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August 12, 2009 > What You Learn Now Might Save Your Life

What You Learn Now Might Save Your Life

Free Seminar Focuses on Importance of Stroke Awareness

Most people know that if they experience chest pain or discomfort, they should call 9-1-1 immediately, since it could be a sign of a heart attack. What many people may not realize is the importance of stroke awareness.

A stroke, also known as a brain attack, occurs when a blood vessel carrying oxygen and nutrients to the brain is either blocked by a clot or bursts. As a result, the brain does not receive vital blood and oxygen, and the affected brain tissue begins to die.


So who needs to worry about stroke?

"Anybody who has multiple risk factors, such as diabetes, hypertension, irregular heartbeat, a previous stroke and cigarette smoking is at risk for a stroke, and these patients need to be treated very aggressively," according to Dr. Ash Jain, medical director of Washington Hospital's Stroke Program.

On Tuesday, Aug. 25, from 1 to 3 p.m., Washington Hospital will host a free Health & Wellness seminar titled, "Raising Awareness About Stroke," to help inform community members about stroke.

Dr. Jain and Doug Van Houten, R.N., the program's clinical coordinator, will address need-to-know information about what causes stroke, state-of-the-art treatment options and ways to prevent stroke.


Stroke care saves lives

Stroke represents the leading cause of long-term disability and is the third leading cause of death in the United States. Dr. Jain calls the potential consequences of stroke "worse than death" and encourages everyone in the community to be aware of stroke symptoms, as well as how to prevent the disease.

During his talk, Dr. Jain will also focus on acute treatment of stroke patients at Washington Hospital.

"Our goal is to treat strokes aggressively and return our patients to 100 percent functionality," Dr. Jain says. "Total recovery is ideal, but we work as hard as we can to achieve whatever degree of improvement is possible for each patient.

"Effective treatment involves early recognition, and because stroke involves blocking of arteries, we focus on a number of treatment options to open the vessels, including clot-busting drugs, clot-retrieving devices, stenting and balloons."

A team effort is what makes Washington Hospital's Stroke Program so effective, Dr. Jain says.

"A stroke program requires a great degree of coordination from many different areas inside and outside of the hospital," he explains. "EMS staff needs to be trained to identify potential stroke patients and bring them to the ER as quickly as possible. In the hospital, radiologists, neurologists, surgeons and interventionalists all need to be on the same page to treat stroke quickly and efficiently.

"One of the best things we have at Washington Hospital is the 24/7 stroke nurse, because a patient's care is coordinated as soon as he or she enters the ER, and all services are in sync. That is a major advantage of the stroke program at Washington Hospital."


An ounce of prevention...worth a pound of cure

While stroke treatment methods have advanced over the years, it's always better to prevent stroke than to roll the dice and risk death or long-term disability, according to Doug Van Houten, R.N.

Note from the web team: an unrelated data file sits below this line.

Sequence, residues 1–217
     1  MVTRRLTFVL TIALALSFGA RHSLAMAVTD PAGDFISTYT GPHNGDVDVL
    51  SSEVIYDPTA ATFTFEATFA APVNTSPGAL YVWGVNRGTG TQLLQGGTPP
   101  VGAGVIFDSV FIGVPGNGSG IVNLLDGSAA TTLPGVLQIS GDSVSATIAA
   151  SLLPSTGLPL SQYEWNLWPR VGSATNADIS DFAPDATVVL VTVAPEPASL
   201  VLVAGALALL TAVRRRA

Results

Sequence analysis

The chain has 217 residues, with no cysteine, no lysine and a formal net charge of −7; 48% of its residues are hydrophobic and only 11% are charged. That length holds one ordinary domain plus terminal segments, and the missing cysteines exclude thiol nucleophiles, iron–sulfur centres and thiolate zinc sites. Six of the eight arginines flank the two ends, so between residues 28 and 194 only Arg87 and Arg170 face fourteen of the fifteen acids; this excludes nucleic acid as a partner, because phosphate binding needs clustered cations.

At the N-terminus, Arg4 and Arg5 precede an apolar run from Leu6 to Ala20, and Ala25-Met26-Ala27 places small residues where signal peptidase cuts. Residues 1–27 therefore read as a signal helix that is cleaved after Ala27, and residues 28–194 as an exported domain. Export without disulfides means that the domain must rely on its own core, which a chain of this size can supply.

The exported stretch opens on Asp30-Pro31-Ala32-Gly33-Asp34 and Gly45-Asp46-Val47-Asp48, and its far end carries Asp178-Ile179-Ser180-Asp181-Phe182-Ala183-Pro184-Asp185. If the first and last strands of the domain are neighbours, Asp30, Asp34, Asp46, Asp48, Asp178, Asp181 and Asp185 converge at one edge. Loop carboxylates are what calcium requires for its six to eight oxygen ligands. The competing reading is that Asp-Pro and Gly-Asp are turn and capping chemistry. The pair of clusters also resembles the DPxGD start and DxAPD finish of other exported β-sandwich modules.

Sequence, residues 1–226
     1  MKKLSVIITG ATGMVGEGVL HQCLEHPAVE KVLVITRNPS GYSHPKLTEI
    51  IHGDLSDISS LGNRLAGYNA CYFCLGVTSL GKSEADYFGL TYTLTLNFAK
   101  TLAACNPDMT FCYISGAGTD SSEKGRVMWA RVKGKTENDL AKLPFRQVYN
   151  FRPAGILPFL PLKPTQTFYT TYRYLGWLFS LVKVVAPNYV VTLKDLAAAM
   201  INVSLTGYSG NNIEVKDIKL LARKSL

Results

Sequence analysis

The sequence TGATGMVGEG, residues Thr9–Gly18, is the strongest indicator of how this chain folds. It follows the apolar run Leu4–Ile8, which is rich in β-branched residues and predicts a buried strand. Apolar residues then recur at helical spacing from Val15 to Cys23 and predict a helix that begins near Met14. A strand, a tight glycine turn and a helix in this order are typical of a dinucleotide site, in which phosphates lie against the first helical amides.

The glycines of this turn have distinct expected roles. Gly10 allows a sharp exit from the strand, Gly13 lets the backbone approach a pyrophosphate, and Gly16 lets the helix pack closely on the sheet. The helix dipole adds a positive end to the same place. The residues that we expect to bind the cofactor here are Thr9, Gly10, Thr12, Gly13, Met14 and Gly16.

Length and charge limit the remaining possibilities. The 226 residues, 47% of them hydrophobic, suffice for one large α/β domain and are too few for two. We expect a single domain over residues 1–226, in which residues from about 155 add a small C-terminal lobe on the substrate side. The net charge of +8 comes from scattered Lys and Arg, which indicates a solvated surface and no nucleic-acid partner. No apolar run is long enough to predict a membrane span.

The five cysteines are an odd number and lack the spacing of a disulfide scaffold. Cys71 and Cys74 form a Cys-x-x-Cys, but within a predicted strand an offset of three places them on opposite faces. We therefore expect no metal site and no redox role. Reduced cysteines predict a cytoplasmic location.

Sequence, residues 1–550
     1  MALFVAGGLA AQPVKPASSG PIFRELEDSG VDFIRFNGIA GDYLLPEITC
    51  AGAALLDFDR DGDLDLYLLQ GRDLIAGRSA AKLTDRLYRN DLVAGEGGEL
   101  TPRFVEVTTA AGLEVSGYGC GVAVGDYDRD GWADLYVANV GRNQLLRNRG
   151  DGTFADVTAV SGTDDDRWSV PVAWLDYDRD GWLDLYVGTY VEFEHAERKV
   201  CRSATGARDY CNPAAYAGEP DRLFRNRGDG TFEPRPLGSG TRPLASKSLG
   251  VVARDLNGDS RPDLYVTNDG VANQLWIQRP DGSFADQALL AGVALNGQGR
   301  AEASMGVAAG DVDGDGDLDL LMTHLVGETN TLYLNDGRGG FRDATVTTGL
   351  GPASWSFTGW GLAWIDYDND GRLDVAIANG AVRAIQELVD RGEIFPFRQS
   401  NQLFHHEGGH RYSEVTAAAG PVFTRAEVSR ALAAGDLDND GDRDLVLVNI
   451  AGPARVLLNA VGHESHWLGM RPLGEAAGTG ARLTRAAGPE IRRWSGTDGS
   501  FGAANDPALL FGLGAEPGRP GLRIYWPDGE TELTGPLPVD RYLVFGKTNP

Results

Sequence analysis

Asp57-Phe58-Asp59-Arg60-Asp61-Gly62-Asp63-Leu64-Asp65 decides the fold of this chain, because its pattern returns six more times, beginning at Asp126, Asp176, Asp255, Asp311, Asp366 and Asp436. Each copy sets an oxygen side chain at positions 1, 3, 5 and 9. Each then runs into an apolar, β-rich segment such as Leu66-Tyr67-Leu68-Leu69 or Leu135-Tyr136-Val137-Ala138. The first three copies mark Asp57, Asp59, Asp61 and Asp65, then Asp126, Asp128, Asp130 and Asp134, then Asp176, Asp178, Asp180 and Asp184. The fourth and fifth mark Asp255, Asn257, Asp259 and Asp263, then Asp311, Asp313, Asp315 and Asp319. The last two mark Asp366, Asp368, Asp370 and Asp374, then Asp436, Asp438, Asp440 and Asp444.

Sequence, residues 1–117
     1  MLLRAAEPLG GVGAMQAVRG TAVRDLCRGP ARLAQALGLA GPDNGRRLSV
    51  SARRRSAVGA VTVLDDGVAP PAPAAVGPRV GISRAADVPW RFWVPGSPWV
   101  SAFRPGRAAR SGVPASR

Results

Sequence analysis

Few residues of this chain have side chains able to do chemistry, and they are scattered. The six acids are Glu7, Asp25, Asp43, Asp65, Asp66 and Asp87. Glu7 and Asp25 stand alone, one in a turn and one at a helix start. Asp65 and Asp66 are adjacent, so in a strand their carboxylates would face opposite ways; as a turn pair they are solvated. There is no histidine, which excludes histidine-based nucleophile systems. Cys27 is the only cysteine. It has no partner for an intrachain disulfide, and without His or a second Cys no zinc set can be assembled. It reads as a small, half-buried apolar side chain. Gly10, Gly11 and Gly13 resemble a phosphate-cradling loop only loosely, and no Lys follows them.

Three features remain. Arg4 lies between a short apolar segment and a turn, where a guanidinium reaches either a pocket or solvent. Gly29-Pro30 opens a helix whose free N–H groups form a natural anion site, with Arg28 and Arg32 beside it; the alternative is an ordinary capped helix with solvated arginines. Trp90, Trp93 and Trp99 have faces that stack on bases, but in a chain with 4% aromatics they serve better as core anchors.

A good place to start when it comes to stroke prevention is keeping high blood pressure in check, he says. Van Houten will talk about how maintaining a healthy blood pressure can help in preventing stroke and a number of other chronic health conditions.

"If you're on blood pressure medication, you need to keep taking your medication," he says. "But I want people to take responsibility for their own blood pressure management. There are all kinds of things they can do on their own to control blood pressure."

The first, he says, is finding and reaching an ideal weight by first determining your current body mass index (BMI) and then making sure you get it within the "normal" range as established by the National Institutes of Health (NIH).

"BMI is a scientific formula that allows you to determine what your weight should be," according to Van Houten. "If you're overweight, then every two pounds you drop your weight, you will drop your blood pressure by one point on average."

The second step to controlling blood pressure is adopting the right diet. During his talk, Van Houten will discuss the DASH (Dietary Approaches to Stopping Hypertension) diet and how it can help lower blood pressure.

Van Houten will also talk about how exercise can contribute to lowering blood pressure.

"With stroke, it's all about the blood vessels, and high blood pressure - in the case of hemorrhagic stroke - wears out the blood vessels so that the central arteries in the brain burst open and cause bleeding. In the case of ischemic stroke, high blood pressure contributes to the damage and wear to blood vessels.
"To give an analogy, chronic high blood pressure is like driving in first gear all the time and revving up the engine until you wear out your transmission. If you have rubber hoses and the pressure is always high, you wear down the vessel until it bursts."


To avoid stroke: Educate yourself

To learn more about stroke, including the signs that you should call 9-1-1 immediately, join Dr. Jain and Doug Van Houten on Tuesday, Aug. 25, 1 to 3 p.m. in the Conrad E. Anderson, M.D. Auditorium, Rooms A and B, located at 2500 Mowry Avenue in Fremont.

To register for the seminar, call (800) 963-7070.

For more information about stroke care at Washington Hospital, visit www.whhs.com, click on "Services & Programs," select "Taylor McAdam Bell Neuroscience Institute" and choose "Stroke Program" from the drop-down menu.

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